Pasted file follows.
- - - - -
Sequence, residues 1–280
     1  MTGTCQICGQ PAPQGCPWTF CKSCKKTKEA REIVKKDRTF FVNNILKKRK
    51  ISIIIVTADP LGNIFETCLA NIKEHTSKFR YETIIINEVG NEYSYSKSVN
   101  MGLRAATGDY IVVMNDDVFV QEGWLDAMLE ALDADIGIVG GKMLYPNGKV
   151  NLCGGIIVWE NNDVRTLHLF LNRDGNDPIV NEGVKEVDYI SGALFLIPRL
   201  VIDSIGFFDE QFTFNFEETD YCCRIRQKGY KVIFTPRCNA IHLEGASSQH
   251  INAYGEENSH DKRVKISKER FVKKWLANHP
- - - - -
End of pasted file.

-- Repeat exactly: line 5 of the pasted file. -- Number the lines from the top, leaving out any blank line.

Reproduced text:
   151  NLCGGIIVWE NNDVRTLHLF LNRDGNDPIV NEGVKEVDYI SGALFLIPRL